Below, we show you historical rates in separate tables.

Fixed rates

The fixed rate that we set each May and November applies to all bonds we issue in the 6 months following the date when we set the rate. The fixed rate applies for the life of the bond.

Date the fixed rate was set Fixed rate for bonds issued in the six months after that date
May 1, 2024 1.30%
November 1, 2023 1.30%
May 1, 2023 0.90%
November 1, 2022 0.40%
May 1, 2022 0.00%
November 1, 2021 0.00%
May 1, 2021 0.00%
November 1, 2020 0.00%
May 1, 2020 0.00%
November 1, 2019 0.20%
May 1, 2019 0.50%
November 1, 2018 0.50%
May 1, 2018 0.30%
November 1, 2017 0.10%
May 1, 2017 0.00%
November 1, 2016 0.00%
May 1, 2016 0.10%
November 1, 2015 0.10%
May 1, 2015 0.00%
November 1, 2014 0.00%
May 1, 2014 0.10%
November 1, 2013 0.20%
May 1, 2013 0.00%
November 1, 2012 0.00%
May 1, 2012 0.00%
November 1, 2011 0.00%
May 1, 2011 0.00%
November 1, 2010 0.00%
May 1, 2010 0.20%
November 1, 2009 0.30%
May 1, 2009 0.10%
November 1, 2008 0.70%
May 1, 2008 0.00%
November 1, 2007 1.20%
May 1, 2007 1.30%
November 1, 2006 1.40%
May 1, 2006 1.40%
November 1, 2005 1.00%
May 1, 2005 1.20%
November 1, 2004 1.00%
May 1, 2004 1.00%
November 1, 2003 1.10%
May 1, 2003 1.10%
November 1, 2002 1.60%
May 1, 2002 2.00%
November 1, 2001 2.00%
May 1, 2001 3.00%
November 1, 2000 3.40%
May 1, 2000 3.60%
November 1, 1999 3.40%
May 1, 1999 3.30%
November 1, 1998 3.30%
September 1, 1998 3.40%

Inflation rates

The inflation rate that we set each May and November applies for 6 months to all I bonds that we ever issued.

Date the inflation rate was set Inflation rate for all I bonds issued for six months (starting in that bond's next interest start month - see the table of months higher on this page)
May 1, 2024 1.48%
November 1, 2023 1.97%
May 1, 2023 1.69%
November 1, 2022 3.24%
May 1, 2022 4.81%
November 1, 2021 3.56%
May 1, 2021 1.77%
November 1, 2020 0.84%
May 1, 2020 0.53%
November 1, 2019 1.01%
May 1, 2019 0.70%
November 1, 2018 1.16%
May 1, 2018 1.11%
November 1, 2017 1.24%
May 1, 2017 0.98%
November 1, 2016 1.38%
May 1, 2016 0.08%
November 1, 2015 0.77%
May 1, 2015 -0.80%
November 1, 2014 0.74%
May 1, 2014 0.92%
November 1, 2013 0.59%
May 1, 2013 0.59%
November 1, 2012 0.88%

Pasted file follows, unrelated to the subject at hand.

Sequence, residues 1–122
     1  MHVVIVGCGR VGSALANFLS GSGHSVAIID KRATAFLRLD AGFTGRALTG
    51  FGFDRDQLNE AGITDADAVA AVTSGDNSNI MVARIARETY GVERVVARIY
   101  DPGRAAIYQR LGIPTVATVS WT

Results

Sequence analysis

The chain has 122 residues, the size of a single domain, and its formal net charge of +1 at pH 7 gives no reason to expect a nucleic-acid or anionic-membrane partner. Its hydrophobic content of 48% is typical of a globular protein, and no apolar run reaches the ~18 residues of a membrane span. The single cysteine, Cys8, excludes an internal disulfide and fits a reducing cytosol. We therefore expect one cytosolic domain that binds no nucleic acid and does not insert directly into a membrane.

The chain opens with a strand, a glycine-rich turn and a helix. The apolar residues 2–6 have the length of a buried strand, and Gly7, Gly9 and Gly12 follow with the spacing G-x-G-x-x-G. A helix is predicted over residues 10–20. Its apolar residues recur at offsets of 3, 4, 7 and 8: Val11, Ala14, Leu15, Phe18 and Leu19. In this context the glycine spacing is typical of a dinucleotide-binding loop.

May 1, 2012 1.10%
November 1, 2011 1.53%
May 1, 2011 2.30%
November 1, 2010 0.37%
May 1, 2010 0.77%
November 1, 2009 1.53%
May 1, 2009 -2.78%
November 1, 2008 2.46%
May 1, 2008 2.42%
November 1, 2007 1.53%
May 1, 2007 1.21%
November 1, 2006 1.55%
May 1, 2006 0.50%
November 1, 2005 2.85%
May 1, 2005 1.79%
November 1, 2004 1.33%
May 1, 2004 1.19%
November 1, 2003 0.54%
May 1, 2003 1.77%
November 1, 2002 1.23%
May 1, 2002 0.28%
November 1, 2001 1.19%
May 1, 2001 1.44%
November 1, 2000 1.52%
May 1, 2000 1.91%
November 1, 1999 1.76%
May 1, 1999 0.86%
November 1, 1998 0.86%
September 1, 1998 0.62%

Current composite rates

The table below shows the current composite rate for all I bonds. Each composite rate is a yearly rate that applies for 6 months.

Period when you bought your I bond Composite rate for your 6 month earning period starting during May 2024 through October 2024
From Through
May 2024 Oct. 2024 4.28%
Nov. 2023 Apr. 2024 4.28%
May 2023 Oct. 2023 3.87%
Nov. 2022 Apr. 2023 3.37%
May 2022 Oct. 2022 2.96%
Nov. 2021 Apr. 2022 2.96%
May 2021 Oct. 2021 2.96%
Nov. 2020 Apr. 2021 2.96%
May 2020 Oct. 2020 2.96%
Nov. 2019 Apr. 2020 3.16%
May 2019 Oct. 2019 3.47%
Nov. 2018 Apr. 2019 3.47%
May 2018 Oct. 2018 3.26%
Nov. 2017 Apr. 2018 3.06%
May 2017 Oct. 2017 2.96%
Nov. 2016 Apr. 2017 2.96%
May 2016 Oct. 2016 3.06%
Nov. 2015 Apr. 2016 3.06%
May 2015 Oct. 2015 2.96%
Nov. 2014 Apr. 2015 2.96%
May 2014 Oct. 2014 3.06%
Nov. 2013 Apr. 2014 3.16%
May 2013 Oct. 2013 2.96%
Nov. 2012 Apr. 2013 2.96%
May 2012 Oct. 2012 2.96%
Nov. 2011 Apr. 2012 2.96%
May 2011 Oct. 2011 2.96%
Nov. 2010 Apr. 2011 2.96%
May 2010 Oct. 2010 3.16%
Nov. 2009 Apr. 2010 3.26%
May 2009 Oct. 2009 3.06%
Nov. 2008 Apr. 2009 3.67%
May 2008 Oct. 2008 2.96%
Nov. 2007 Apr. 2008 4.18%
May 2007 Oct. 2007 4.28%
Nov. 2006 Apr. 2007 4.38%
May 2006 Oct. 2006 4.38%
Nov. 2005 Apr. 2006 3.97%
May 2005 Oct. 2005 4.18%
Nov. 2004 Apr. 2005 3.97%
May 2004 Oct. 2004 3.97%
Nov. 2003 Apr. 2004 4.08%
May 2003 Oct. 2003 4.08%
Nov. 2002 Apr. 2003 4.58%
May 2002 Oct. 2002 4.99%
Nov. 2001 Apr. 2002 4.99%
May 2001 Oct. 2001 6.00%
Nov. 2000 Apr. 2001 6.41%
May 2000 Oct. 2000 6.61%
Nov. 1999 Apr. 2000 6.41%
May 1999 Oct. 1999 6.31%